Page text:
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City of Clearwater v. Bayesplanade.Com, LLC

Florida Court of Appeals, Second District

June 22, 2018

CITY OF CLEARWATER, Appellant,
v.
BAYESPLANADE.COM, LLC, a Florida Limited Liability Company, Appellee.

         NOT FINAL UNTIL TIME EXPIRES TO FILE REHEARING MOTION AND, IF FILED, DETERMINED

          Appeal from the Circuit Court for Pinellas County; Jack R. St. Arnold, Judge.

          Paul Richard Hull, Assistant City Attorney, Clearwater, for Appellant.

          Robert V. Potter and Sharon E. Krick of Johnson, Pope, Bokor, Ruppel & Burns, LLP, Clearwater, for Appellee.

          BLACK, JUDGE.

         BayEsplanade.com, LLC, filed a complaint against the City of Clearwater to quiet title to 5.88 acres of submerged land below what is now known as Mandalay Channel, between Clearwater Beach and the islands that comprise Island Estates. BayEsplanade claimed title through a 1957 quitclaim deed. The City of Clearwater filed a counterclaim to quiet title, claiming title through a 1934 quitclaim deed. Following cross motions for summary judgment, final summary judgment quieting title was entered in favor of BayEsplanade. We reverse the judgment in favor of BayEsplanade and remand with instructions that judgment be entered quieting title in favor of the City of Clearwater. The language of the 1934 deed to the City of Clearwater is unambiguous, and the trial court erred in admitting extrinsic evidence to construe it.

         The issue presented in the motions for summary judgment concerns whether the 1934 quitclaim deed from the Clearwater Island Bridge Company (the Bridge Company) to the City of Clearwater unambiguously conveyed all lands- including submerged land-within the boundaries described in the deed. A brief deraignment of title to the submerged land in dispute is necessary.

         Prior to 1926, title to the submerged land was held by the Trustees of the Internal Improvement Fund of the State of Florida. In 1926, the Trustees conveyed approximately thirty-five acres of submerged land to the Bridge Company, which included the submerged land at issue in this case (the TIIF deed). The TIIF deed described the eastern boundary of the conveyed submerged land as "the West side of [the] channel between Sand Key and Ragged Key."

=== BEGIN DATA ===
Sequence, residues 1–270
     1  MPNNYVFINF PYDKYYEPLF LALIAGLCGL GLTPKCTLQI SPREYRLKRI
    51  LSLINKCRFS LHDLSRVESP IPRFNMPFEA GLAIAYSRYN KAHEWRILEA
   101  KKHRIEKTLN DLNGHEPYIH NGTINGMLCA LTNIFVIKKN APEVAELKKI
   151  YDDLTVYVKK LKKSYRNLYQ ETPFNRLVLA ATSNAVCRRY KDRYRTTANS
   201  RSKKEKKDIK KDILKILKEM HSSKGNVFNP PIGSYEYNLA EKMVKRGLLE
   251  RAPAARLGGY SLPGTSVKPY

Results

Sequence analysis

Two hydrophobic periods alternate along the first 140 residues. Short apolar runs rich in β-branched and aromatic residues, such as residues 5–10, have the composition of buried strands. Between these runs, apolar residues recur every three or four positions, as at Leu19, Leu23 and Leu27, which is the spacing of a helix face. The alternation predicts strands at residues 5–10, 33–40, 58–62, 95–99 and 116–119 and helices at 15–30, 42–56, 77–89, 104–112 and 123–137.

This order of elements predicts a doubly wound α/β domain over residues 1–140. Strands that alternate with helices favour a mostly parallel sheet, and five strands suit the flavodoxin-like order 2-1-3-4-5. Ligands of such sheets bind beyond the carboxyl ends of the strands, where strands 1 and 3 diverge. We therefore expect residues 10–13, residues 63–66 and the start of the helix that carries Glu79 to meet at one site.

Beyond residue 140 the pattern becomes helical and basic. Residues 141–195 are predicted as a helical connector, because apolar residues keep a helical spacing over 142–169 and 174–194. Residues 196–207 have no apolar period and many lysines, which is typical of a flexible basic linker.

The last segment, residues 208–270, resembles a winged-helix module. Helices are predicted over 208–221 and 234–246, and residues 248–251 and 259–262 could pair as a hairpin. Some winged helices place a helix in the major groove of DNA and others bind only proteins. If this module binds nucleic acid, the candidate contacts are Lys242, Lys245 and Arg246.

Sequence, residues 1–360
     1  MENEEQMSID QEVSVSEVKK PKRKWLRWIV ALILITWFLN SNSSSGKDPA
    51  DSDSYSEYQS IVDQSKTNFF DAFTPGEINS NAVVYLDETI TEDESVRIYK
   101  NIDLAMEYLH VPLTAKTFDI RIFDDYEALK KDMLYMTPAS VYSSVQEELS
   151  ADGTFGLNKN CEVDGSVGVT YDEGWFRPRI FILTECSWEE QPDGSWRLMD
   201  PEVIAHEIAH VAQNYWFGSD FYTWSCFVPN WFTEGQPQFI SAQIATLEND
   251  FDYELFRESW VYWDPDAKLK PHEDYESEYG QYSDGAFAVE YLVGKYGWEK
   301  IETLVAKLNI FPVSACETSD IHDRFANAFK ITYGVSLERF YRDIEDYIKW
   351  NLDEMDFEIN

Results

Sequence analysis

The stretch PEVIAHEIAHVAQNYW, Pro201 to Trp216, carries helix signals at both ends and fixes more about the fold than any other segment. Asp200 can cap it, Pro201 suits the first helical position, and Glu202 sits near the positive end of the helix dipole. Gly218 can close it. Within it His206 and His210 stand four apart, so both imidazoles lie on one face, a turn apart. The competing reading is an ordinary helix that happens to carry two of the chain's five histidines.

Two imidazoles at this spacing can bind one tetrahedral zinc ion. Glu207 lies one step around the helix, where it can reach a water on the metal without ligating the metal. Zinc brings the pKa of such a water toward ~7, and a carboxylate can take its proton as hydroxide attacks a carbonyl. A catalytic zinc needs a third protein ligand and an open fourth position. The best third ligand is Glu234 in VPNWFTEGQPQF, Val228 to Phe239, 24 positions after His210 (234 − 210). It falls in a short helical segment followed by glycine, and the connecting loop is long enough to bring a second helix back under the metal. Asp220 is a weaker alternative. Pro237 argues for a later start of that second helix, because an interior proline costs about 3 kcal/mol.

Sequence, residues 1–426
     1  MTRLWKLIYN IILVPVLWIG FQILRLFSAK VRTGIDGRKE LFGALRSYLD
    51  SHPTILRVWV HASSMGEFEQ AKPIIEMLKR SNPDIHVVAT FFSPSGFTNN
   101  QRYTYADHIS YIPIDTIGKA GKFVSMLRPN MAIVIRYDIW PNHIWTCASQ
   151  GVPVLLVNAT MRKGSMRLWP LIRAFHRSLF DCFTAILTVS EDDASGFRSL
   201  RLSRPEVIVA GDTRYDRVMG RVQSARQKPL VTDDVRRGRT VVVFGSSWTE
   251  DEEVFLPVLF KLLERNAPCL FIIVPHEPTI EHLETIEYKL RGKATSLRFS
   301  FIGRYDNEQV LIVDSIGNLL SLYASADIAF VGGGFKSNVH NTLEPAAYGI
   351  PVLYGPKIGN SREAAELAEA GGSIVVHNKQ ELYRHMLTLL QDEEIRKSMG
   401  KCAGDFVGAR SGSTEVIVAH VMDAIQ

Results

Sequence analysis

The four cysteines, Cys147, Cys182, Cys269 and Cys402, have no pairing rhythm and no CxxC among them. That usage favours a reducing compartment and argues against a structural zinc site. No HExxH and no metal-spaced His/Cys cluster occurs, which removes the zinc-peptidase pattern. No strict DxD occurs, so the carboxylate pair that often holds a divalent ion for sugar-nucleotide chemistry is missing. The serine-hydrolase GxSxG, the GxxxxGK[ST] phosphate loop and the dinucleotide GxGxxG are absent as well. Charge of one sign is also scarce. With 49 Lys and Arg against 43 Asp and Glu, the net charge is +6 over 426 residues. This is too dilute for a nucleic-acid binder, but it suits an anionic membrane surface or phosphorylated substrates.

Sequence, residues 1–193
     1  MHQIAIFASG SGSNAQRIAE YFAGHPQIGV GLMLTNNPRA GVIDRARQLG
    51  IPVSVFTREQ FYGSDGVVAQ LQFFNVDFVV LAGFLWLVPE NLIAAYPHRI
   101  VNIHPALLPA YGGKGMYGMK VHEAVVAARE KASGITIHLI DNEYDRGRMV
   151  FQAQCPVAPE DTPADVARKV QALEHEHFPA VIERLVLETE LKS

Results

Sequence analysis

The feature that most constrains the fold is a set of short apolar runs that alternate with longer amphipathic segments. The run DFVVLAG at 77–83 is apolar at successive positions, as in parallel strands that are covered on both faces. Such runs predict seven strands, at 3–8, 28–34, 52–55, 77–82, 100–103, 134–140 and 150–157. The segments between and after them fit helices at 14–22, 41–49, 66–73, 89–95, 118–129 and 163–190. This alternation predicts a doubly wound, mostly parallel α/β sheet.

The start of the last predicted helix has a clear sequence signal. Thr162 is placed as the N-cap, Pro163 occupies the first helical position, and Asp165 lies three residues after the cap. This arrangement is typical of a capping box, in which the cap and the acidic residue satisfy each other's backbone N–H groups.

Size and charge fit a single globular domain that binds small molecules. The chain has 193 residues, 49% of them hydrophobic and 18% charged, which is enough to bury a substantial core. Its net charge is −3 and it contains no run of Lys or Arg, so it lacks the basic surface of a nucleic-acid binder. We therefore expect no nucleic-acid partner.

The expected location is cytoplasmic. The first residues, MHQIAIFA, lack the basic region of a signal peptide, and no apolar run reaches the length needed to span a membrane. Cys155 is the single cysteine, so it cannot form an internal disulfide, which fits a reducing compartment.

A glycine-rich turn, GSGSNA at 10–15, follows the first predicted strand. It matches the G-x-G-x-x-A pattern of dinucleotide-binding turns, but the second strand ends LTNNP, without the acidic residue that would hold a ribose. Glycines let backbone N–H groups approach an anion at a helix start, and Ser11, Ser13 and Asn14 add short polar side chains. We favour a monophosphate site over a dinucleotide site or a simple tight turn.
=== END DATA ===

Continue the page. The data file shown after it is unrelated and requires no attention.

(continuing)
In 1934, the Bridge Company executed a quitclaim deed and release to the City of Clearwater, conveying the lands described as follows:

[1] Beginning on the shore of the Gulf of Mexico at a point where the North line of the tract of land designated as "Clearwater City Park" on a plat of Clearwater Beach as the same is recorded in Plat Book 5, Page 2 of the Public Records of Pinellas County, Florida, if prolonged West would intersect said Gulf shore, thence run Southerly along said shore line Four Hundred (400) feet; thence East parallel to the North line of said "Clearwater City Park" to the waters of Clearwater Bay as of the 17th day of May, 1917; thence Northeasterly along Clearwater Bay to a point where said line would intersect the North line of said "Clearwater City Park" if prolonged East; thence West to the point of beginning; [2] together with all lands lying between the North and South lines of said tract extended Eastwardly to the Channel of Clearwater Harbor; [3] together with all riparian rights.

         The 1934 deed clearly conveys three interests: (1) the upland parcel described as beginning on the shore of the Gulf of Mexico and extending to the waters of Clearwater Bay (Parcel 1); together with (2) the parcel described as "all lands lying between the North and South lines of [Parcel 1] extended Eastwardly to the Channel of Clearwater Harbor"; together with (3) all associated riparian rights. See, e.g., Thrasher v. Arida, 858 So.2d 1173, 1174 (Fla. 2d DCA 2003) (describing a deed as conveying two parcels where the deed conveyed one described area together with a second area). There are no reservations or exceptions in the deed.

         The Bridge Company had previously conveyed Parcel 1 and the appurtenant riparian rights to the City of Clearwater in a May 17, 1917, deed. At the time of the 1917 deed, a bridge spanned the Channel of Clearwater Harbor, [1] connecting Clearwater Beach to the mainland. The description of Parcel 1 in the 1917 deed referenced the bridge:

Beginning on the shore of the Gulf of Mexico at a point where the North line of the tract of land designated as "Clearwater City Park" on a plat of Clearwater Beach as the same is recorded in the Land Records of Pinellas County Florida, if prolonged West would intersect said Gulf shore; thence run southerly along said shore line Four Hundred (400) feet; thence East parallel to the North line of said "Clearwater City Park" to the waters of Clearwater Bay; thence Northeasterly along Clearwater Bay to a point Twenty five (25) feet distant measured at right angle from the center of a bridge now located and constructed by the Clearwater Island Bridge Company; thence northwesterly along a curved line Twenty five (25) feet from the center of said bridge to a point on the North line of said "Clearwater City Park" extended eastwardly; thence West to the point of beginning. Together with all riparian rights.

         The 1917 deed also contained restrictions on the use of Parcel 1, which were released in the 1934 deed. The bridge connecting Clearwater Beach to the mainland was destroyed in 1921 by a hurricane. Thus, the bridge is not referenced in the 1934 deed. Importantly, the 1917 deed does ...


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